There is always more to see than has been seen, to hear than has been heard, to understand than has been understood. And, our beliefs are always evolving to take new information into account. We are always believing our way into different ways of perceiving, and perceiving our way into different ways of believing. What we see is a function of how we see, and the challenge is always to see in ways which take what else there is to see into account.

So, I believe we tell our children things that open them to the truth of their own experience, that ground them in confidence to trust themselves unknowing to questions that are not quickly dismissed as improper or heretical, or blocked with answers. And we need to do that in a spirit of playfulness and easy-going-ness and good humor that, itself, calls into question the seriousness with which we are prone to take things, and asks, of itself, “Is the seriousness with which I am taking things justified?” How we treat our children, and what we tell them, and how we tell them what we tell them is crucial to the future that we are creating. We have always heard in the church, “Our children are the future of the church.” That is not true. The future of the church does not depend upon the children of the church but upon the perspective of the church. The perspective of the church is the future of the church. How we treat our children is a reflection of that perspective. How we treat our children is the future of the church.

It is important that our children learn to think. Not that they think what we think, but that they think. And, that they think about their thinking. Toward that end, we need to provide our children with experiences that develop their creativity and open them to a sense of wonder and joy. We need to connect our children with what brings them to life and makes them alive, and enable them to trust their own voice, and learn to discern the voices within, so that they might perceive and follow their own sense of direction, their own guide. And we need to give ourselves permission to start over in developing our own understanding of the world, the universe, life, and our place in them all.

There are six statements that turn Christian theology as we have received it on its head, and open the way for new way of understanding ourselves and the way things are. We have talked of them before, here they come again:

Our idea of God is not God. What could be more scripturally sound? “For my thoughts are not your thoughts, neither are your ways my ways, declares the Lord. For as the heavens are higher than the earth, so are my ways higher than your ways and my thoughts than your thoughts” (Isaiah 55:8-9), and, “Oh, the depth of the riches and wisdom and knowledge of God! How unsearchable are his judgments and how fathomless his ways! For who has known the mind of the Lord, or who has been his counselor? Or who has first given to God, that God needs to repay him? For from him and through him and to him are all things. To him be glory forever! Amen” (Romans 11:33-36). Even Lao Tse gets into the act with, “The Tao that can be said is not the Eternal Tao.” Yet, we act as though our idea of God IS God. We declare our beliefs to be “true beliefs.” And we excommunicate people, or call them heretics, or declare war on them because theirs is a different idea of God than ours.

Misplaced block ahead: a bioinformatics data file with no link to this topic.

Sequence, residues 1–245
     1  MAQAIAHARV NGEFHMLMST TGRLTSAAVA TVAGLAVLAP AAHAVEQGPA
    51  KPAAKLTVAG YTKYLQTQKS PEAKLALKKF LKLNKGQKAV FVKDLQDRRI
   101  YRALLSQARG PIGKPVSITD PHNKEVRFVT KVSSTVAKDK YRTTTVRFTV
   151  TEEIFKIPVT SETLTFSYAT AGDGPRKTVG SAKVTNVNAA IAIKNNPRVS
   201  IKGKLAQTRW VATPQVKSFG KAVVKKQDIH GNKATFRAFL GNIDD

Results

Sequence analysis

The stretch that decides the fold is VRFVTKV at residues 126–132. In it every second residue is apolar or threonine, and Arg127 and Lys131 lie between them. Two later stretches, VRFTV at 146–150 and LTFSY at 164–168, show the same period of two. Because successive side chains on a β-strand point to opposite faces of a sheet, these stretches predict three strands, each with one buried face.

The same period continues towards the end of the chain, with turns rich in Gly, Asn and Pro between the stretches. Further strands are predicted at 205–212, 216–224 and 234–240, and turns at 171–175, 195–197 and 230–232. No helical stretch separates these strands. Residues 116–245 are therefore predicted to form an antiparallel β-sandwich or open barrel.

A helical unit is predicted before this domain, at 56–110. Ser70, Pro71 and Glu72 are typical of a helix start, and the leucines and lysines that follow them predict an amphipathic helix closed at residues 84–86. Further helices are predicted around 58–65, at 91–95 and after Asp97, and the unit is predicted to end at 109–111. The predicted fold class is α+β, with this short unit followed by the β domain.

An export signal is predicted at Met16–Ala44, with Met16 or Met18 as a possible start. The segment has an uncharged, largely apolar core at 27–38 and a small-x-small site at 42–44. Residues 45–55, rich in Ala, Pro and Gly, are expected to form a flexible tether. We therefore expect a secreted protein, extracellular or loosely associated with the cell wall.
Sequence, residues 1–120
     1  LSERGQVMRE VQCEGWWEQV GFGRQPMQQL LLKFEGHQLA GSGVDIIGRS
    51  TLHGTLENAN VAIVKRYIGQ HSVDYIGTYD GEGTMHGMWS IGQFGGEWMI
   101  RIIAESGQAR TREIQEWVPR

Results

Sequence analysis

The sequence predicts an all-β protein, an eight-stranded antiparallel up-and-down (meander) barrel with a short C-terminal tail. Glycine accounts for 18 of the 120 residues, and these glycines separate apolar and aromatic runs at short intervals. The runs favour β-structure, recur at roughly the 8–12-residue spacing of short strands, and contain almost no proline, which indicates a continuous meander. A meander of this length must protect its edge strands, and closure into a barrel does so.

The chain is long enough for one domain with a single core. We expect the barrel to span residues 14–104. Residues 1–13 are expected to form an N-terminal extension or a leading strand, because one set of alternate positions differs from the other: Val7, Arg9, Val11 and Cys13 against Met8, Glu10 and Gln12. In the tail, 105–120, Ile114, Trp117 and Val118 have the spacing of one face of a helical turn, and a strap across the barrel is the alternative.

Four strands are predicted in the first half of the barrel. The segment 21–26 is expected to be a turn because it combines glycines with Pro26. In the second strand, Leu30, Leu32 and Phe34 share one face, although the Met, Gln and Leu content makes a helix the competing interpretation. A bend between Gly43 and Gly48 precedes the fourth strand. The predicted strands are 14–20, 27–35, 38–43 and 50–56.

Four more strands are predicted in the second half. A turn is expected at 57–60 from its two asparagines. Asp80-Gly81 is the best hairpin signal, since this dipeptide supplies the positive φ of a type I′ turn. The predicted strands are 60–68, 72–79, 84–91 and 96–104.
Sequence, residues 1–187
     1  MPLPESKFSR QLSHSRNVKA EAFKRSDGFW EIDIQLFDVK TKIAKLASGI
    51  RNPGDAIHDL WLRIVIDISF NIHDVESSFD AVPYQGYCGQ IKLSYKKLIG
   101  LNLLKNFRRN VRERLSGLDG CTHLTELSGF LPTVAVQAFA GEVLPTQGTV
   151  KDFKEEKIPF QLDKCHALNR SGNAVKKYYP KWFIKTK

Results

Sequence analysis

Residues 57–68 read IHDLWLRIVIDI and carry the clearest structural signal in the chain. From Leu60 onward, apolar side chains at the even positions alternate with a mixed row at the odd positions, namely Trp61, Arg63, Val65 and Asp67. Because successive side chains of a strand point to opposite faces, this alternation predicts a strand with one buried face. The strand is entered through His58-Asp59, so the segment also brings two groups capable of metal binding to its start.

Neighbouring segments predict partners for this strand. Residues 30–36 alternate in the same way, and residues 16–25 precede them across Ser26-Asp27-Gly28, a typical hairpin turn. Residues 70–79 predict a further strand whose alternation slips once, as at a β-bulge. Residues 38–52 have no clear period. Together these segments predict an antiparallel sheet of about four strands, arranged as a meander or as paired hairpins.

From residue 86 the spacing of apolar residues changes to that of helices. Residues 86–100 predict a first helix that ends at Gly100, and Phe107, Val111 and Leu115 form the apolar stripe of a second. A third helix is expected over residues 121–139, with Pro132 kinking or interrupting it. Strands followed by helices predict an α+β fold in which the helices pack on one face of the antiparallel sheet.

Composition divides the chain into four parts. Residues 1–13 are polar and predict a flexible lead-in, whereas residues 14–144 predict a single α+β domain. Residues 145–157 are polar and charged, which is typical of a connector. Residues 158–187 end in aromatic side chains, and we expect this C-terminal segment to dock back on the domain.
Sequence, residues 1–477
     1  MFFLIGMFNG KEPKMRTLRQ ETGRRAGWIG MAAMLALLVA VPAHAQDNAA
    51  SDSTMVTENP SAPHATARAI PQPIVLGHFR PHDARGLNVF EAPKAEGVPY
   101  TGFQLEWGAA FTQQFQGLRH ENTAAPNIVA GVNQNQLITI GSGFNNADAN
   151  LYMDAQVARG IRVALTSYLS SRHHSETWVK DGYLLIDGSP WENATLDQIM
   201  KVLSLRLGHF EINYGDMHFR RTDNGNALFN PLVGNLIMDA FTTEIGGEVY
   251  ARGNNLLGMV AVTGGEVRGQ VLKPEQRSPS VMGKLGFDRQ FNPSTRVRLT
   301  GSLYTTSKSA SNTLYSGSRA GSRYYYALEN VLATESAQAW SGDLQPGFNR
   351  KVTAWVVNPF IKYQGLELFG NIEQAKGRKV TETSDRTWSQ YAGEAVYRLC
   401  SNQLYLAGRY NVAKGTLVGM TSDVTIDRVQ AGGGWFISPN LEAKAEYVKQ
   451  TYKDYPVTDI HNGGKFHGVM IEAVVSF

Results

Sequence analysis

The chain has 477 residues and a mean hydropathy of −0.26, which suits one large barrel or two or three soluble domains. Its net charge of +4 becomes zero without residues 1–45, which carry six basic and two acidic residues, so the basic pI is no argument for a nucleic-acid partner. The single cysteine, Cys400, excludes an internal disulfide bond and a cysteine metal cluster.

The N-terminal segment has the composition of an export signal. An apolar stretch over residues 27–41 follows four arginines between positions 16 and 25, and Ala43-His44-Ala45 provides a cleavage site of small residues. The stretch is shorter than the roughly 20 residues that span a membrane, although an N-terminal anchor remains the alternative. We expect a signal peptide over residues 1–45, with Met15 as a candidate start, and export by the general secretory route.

The Garden of Eden did not have latitude and longitude. There was no primordial Paradise from which we were expelled for disobeying God, and hence no Original Sin which requires the atoning death of God’s only Son to patch things up with God and get us back in God’s good graces if we confess, repent, and believe. The whole thing goes with the Garden of Eden, and we have to start over, and create “out of nothing” the perspective with which we view the world, the universe, life and our place in them all.

The church was before the Bible. Of course the church was before the Bible. The Bible was the creation of the church. The church decided what was to be included in the Bible and what was to be excluded, and when part of the church disagreed with the officials of the church, the church declared itself to be the infallible voice of God and that was that. And the church said everything it said was true because it was in the Bible, yet the church decided what was in the Bible. Surely, you see the illogic at work here, even if your name isn’t Shirley.

We are the ones who say so. We believe what we believe because we believe what we believe is worth believing We are the authority by which we declare something to be authoritative, believable and true. Of course, we say we have to “take it on faith,” but why do we take “this” “on faith” and not “that”? We are the ones to decide. God is who we say God is.

Every step forward is a step into heresy. Everything that we believe with such fervor and proclaim with such gusto was, at some point in the past, rank heresy, the embrace of which was punishable by death or exclusion from the circle of orthodoxy of the day. Some present heresy is the hope of the future.

The ants find the picnic, the flowers turn to the sun. We are perfectly capable of evaluating what we experience and determining what truth is. We know “it” when we see it, and we know “not-it” when we see it. “The truth will out.” “The truth shines through.” It’s only a matter of time. All it takes is time. And attention.

We find the way forward in fits and starts. Hits and misses. Rights and wrongs. Who knows what we should do? What we should care about? How we should express our caring? Just care about something! Just start caring! And keep our eyes open. The way will open before those who are open to the way. We don’t have to figure it all out before we start walking!